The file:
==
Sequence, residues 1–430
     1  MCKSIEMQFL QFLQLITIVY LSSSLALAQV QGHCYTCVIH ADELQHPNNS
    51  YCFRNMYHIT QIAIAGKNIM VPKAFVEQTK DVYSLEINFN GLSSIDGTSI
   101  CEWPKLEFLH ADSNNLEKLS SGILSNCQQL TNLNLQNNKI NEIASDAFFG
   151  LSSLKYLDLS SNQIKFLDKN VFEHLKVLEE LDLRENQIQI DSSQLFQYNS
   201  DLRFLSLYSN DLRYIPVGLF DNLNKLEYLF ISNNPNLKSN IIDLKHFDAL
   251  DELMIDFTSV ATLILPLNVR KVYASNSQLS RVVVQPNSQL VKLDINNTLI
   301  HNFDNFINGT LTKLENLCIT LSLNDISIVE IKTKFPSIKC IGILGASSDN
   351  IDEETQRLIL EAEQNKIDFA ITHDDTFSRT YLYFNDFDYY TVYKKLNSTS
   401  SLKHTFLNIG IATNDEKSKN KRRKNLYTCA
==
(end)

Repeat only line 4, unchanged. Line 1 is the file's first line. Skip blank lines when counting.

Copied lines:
   101  CEWPKLEFLH ADSNNLEKLS SGILSNCQQL TNLNLQNNKI NEIASDAFFG